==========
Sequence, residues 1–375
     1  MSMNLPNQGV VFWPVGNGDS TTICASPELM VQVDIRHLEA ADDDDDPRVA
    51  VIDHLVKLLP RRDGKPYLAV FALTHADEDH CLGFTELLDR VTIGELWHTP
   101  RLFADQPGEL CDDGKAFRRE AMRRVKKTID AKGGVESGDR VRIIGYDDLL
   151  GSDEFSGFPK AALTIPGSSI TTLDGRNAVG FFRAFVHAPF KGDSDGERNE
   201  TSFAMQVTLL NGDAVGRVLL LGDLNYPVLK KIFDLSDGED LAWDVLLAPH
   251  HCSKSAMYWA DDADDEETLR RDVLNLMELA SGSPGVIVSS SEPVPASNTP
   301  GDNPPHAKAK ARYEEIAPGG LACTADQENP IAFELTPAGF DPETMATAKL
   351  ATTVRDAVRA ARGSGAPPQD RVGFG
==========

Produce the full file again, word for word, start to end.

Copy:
Sequence, residues 1–375
     1  MSMNLPNQGV VFWPVGNGDS TTICASPELM VQVDIRHLEA ADDDDDPRVA
    51  VIDHLVKLLP RRDGKPYLAV FALTHADEDH CLGFTELLDR VTIGELWHTP
   101  RLFADQPGEL CDDGKAFRRE AMRRVKKTID AKGGVESGDR VRIIGYDDLL
   151  GSDEFSGFPK AALTIPGSSI TTLDGRNAVG FFRAFVHAPF KGDSDGERNE
   201  TSFAMQVTLL NGDAVGRVLL LGDLNYPVLK KIFDLSDGED LAWDVLLAPH
   251  HCSKSAMYWA DDADDEETLR RDVLNLMELA SGSPGVIVSS SEPVPASNTP
   301  GDNPPHAKAK ARYEEIAPGG LACTADQENP IAFELTPAGF DPETMATAKL
   351  ATTVRDAVRA ARGSGAPPQD RVGFG